Arthur Bruce Cornwell was born in Canada in 1920, son of Arthur Redfern Cornwell, an English architect and draughtsman, and his Scottish wife Margaret, and raised in the United States. He studied at Regent Street Polytechnic in London and the Académie Julian in Paris, and served in the Merchant Navy during the Second World War.
In the late 1940s he was working as a magazine and technical illustrator when he responded to an ad that turned out to be for the Eagle. He joined Frank Hampson's studio to work on Dan Dare, specialising in technical matters such as buildings, machinery and spaceships. He objected to the long working hours Hampson demanded of his assistants, and left during the first storyline. He returned in 1953, at Hampson's request, to replace Eric Eden, who had been sacked for objecting to the same heavy workload. The work again became too much for him and began affecting his health, and he quit again when Hampson refused him some time off. He returned again in 1960, after Hampson's studio had been disbanded, assisting Don Harley from scripts by Eden, until 1962. He also created illustrations, including cutaways of spaceships, for Dan Dare annuals, and was the model for the villain Dr. Blasco.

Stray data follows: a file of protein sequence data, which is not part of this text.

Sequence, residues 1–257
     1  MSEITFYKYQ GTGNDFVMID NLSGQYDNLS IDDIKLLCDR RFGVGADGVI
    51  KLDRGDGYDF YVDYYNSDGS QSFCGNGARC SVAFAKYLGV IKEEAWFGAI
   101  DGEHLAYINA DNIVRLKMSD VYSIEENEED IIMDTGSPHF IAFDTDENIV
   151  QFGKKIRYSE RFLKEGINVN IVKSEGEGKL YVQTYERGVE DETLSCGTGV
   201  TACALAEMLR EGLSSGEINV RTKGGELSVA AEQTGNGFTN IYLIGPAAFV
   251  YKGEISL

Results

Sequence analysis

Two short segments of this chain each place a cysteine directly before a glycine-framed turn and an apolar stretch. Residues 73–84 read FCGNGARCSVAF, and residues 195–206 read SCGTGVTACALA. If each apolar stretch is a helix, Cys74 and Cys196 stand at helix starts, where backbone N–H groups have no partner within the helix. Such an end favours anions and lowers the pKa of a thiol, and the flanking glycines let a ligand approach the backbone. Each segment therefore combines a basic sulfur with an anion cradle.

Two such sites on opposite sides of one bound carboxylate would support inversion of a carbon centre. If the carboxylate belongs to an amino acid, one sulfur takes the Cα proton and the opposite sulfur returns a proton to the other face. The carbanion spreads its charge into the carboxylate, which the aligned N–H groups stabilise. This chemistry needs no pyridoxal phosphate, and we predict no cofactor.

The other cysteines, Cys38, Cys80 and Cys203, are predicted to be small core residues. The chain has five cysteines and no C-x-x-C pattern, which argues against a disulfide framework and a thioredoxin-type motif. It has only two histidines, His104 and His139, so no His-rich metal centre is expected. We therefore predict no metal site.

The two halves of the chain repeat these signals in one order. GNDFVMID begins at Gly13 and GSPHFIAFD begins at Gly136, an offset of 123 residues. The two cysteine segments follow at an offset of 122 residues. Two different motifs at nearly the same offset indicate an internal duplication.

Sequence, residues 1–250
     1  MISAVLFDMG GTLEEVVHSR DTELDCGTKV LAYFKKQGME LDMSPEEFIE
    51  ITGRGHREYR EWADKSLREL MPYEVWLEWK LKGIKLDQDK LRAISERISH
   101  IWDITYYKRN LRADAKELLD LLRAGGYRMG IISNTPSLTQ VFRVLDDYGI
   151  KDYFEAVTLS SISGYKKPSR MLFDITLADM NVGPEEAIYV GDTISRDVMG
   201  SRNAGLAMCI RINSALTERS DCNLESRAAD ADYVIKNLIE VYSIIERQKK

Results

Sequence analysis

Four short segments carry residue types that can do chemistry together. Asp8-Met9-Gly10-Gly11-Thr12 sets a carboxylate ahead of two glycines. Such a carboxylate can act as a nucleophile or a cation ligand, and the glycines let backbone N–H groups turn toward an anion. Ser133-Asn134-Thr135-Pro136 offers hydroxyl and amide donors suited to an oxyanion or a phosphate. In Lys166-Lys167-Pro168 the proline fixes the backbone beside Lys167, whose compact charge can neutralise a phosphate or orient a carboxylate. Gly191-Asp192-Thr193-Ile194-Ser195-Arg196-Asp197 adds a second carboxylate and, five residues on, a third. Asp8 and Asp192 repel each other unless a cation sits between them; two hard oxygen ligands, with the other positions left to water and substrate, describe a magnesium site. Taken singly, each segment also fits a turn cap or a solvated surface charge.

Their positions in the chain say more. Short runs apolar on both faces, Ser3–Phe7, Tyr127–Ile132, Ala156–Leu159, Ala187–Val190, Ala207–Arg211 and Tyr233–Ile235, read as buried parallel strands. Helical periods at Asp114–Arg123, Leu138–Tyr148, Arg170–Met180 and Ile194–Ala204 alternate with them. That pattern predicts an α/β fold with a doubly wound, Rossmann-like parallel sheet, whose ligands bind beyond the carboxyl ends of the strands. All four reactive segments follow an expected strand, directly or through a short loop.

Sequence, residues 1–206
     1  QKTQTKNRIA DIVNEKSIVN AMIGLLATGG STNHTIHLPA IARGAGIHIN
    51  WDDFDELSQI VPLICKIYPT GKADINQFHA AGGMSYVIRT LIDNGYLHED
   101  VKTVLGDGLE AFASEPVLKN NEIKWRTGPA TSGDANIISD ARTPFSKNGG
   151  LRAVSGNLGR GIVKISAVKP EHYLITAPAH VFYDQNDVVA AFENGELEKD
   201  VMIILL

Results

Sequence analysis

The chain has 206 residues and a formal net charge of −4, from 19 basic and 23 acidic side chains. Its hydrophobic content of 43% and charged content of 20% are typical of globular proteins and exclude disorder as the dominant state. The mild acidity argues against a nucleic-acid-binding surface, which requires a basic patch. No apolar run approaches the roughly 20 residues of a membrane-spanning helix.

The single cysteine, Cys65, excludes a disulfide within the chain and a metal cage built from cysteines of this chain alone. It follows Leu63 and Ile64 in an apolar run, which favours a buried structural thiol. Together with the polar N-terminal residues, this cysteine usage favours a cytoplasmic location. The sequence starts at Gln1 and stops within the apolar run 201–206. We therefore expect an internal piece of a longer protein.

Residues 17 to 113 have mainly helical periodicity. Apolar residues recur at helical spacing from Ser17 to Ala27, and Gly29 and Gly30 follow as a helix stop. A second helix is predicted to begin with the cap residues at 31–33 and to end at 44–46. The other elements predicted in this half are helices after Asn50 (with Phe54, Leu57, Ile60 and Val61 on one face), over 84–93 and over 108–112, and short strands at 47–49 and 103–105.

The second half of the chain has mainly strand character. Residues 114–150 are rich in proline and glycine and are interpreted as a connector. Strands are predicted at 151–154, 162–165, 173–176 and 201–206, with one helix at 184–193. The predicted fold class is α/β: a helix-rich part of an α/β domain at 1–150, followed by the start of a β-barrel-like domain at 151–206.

Other contributions he made to the Eagle include "Ships Through the Ages" and cutaway illustrations on nautical subjects, as well as "Tommy Walls" advertising strips. He drew "Sammy in Space", with Desmond Walduck, for Swift, "Space Captain Jim Stalwart" for the Junior Mirror, "Danny Dare", with Leo Baxendale, for Wham!, "Journey into Space", taking over from Ferdinando Tacconi, for Express Weekly, and strips for The Dalek Book (1964) and The Dalek World (1965). He also worked in book illustration, advertising and commercial art. In later years his work appeared in Spaceship Away. He died on 2 March 2012.